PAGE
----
5 Five Steps to Research Someone You Know Little About

A common complaint in beginning genealogy is, “I can’t research someone I know little about.” Or it’s phrased in this way.


“I want to learn more about my great-grandmother, but I don’t know much about her. How do I begin?”


Today I will walk you through the beginning steps I take to discover research someone when I have little to start with.


Step 1: Explore a Home For Genealogy Clues

Believe it or not, you have to start with SOMETHING in order to research someone you know little about. Chances are that ‘something’ began in your home. It might have been a family story, a family legend, a photo, a letter, etc.

Before I look for records, I have to investigate the foundation of what I knew and how I will recognize the answer once I see it.

In my book Reimagine Family History, I stress the importance of preserving the perishable that helps your family history. This includes photos, papers, possessions, and people! Many of the clues you need to research someone you know little about comes from.


Step 2: Build a Tree on FamilySearch.org


Using the clues gathered from step one, organize your information into a family tree. Skip handwritten charts and head straight to the online family tree websites.

Begin with FamilySearch.org. It’s a free website. Also, the website will not bombard you with multiple variations of the same person on a variety of trees. When you find someone in the family tree, it’s typically the same version everyone else is viewing.

There are challenges to working with FamilySearch, but overall, I really like the platform.


Sign up for a free account and then add yourself into the Family Tree. Then add additional ancestors.


When you attempt to add a deceased ancestor, FamilySearch will search its database for someone similar to your entry. If it finds one, you evaluate the result.

When the record hint is about your ancestor, then you can quickly add them to your family tree!


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If the possible ancestor is not your ancestor or FamilySearch doesn’t find a match, you can add your relative and move on to the next one.

Step by step, FamilySearch will attempt to find possible matches in your tree that already exist in the database so it can link you into the world tree.

The tree isn’t full proof, but it’s a great start. If you need help starting your family tree, watch this video.

Step 3: Develop a Research Question


When you are researching someone you know little about, you will likely have one of the following questions:

  1. Where was he/she born?

  2. Who was their spouse?

  3. Who were their parents?

Develop a research question ensures that you methodical climb your family tree.

In this case, I want to know, “Who are the spouse and children of Zula Offord?”

For more assistance developing research questions, check out this video:


Step 4: Begin to Search

With your clues in an online family tree and a research question in mind, you can begin looking for records about the person you know little.

Let’s say you know these bare-bones facts:


  1. Zula J Offord

  2. Female

  3. born 1869

  4. died 1929, in Ohio, United States

You know this person was related to your great grandmother. Now what?

On FamilySearch, click on the Search tab and you will see this screen.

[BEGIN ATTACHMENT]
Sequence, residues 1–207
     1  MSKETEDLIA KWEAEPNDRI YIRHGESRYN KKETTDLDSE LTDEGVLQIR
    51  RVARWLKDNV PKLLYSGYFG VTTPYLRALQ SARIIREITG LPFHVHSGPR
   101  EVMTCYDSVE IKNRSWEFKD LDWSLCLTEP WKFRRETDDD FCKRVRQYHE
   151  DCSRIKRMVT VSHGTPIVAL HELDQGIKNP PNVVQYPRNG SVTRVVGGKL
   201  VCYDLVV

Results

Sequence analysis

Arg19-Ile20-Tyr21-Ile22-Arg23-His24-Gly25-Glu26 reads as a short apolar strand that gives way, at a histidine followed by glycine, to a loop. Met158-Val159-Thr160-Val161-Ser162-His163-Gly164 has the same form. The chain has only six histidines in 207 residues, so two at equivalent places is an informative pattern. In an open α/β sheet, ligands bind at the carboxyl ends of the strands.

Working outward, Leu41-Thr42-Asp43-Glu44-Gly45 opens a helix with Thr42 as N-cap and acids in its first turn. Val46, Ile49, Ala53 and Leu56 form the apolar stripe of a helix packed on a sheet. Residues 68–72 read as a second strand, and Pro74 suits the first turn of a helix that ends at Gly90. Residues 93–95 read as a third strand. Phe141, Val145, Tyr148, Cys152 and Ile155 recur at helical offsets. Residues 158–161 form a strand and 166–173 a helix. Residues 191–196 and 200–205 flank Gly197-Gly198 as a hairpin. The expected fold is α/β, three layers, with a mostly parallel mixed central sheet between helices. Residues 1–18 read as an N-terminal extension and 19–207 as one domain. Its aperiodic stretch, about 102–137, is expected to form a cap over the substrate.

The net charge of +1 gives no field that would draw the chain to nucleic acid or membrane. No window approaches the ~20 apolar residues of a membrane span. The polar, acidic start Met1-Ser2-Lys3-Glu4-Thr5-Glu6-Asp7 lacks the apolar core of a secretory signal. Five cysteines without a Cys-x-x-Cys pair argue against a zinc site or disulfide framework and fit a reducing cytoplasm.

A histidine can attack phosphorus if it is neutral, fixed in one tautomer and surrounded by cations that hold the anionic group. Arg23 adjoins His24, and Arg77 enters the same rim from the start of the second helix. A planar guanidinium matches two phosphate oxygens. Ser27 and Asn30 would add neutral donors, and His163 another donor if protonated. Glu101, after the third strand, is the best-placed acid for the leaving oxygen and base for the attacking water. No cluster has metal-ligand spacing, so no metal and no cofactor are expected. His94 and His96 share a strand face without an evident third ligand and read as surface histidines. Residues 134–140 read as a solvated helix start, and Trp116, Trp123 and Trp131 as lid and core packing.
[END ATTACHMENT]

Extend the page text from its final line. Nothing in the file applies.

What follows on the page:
In the entry for, type the name for the person you’re researching. In this case, key in”Zula Offord, ” leaving the middle initial off.


For the birth event, expand the year 1869 to the range of 1865 -- 1875. Many records will be off by a year or two and yet still apply to Zula. Therefore, use a decade range. You can always narrow the dates if needed.


For the death, use a narrower death range. Instead of 1929, add +/- 1 year making the range 1928 -- 1930 in Ohio, United States. You can always broaden the range (or alter the location) if needed.


Now press the Search button to see what is available on FamilySearch.



Step 5: Evaluate the Results


Based on the search terms, FamilySearch returns potential records naming a Zula Offord with that birth year, or death year. You will need to evaluate the following to determine which apply to the Zula you’re researching.

  1. 3 death records

  2. 1 Find A Grave record

  3. 1910 US Census (not shown)

  4. 1920 US Census

  5. Death record for a possible spouse named John (not shown)

  6. Death record for a possible child named Grayson (not shown)

The possible spouse name of John and a child named Grayson triggered a memory about this family and from your great-grandmother’s photos and documents (from step 1).


As you explore the various records for “Who are the spouse and children of Zula Offord?” you will look for patterns on records that would link Zula to great-grandma’s files.


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Soon, you will discover that John Offord is buried beside Zula in the Green Lawn Cemetery in Columbus, Ohio (the Find A Grave hint on FamilySearch). This typically suggests that they were married.


Now you can start researching the children of Zula and John.


Final tips to research someone you know little about

Now I could write volumes about how to research someone you know very little about, but I’ll leave a few final tips for now:

  1. Vary how you spell a given name or surname. Spelling isn’t consistent.

  2. Create a clue web of your discoveries to make sense of it all.

  3. When I find a record that relates to my ancestor, save it to a person in my tree, and write a quality reason statement.

Best of luck climbing the tree of someone with whom you know very little. May you soon find out much more.



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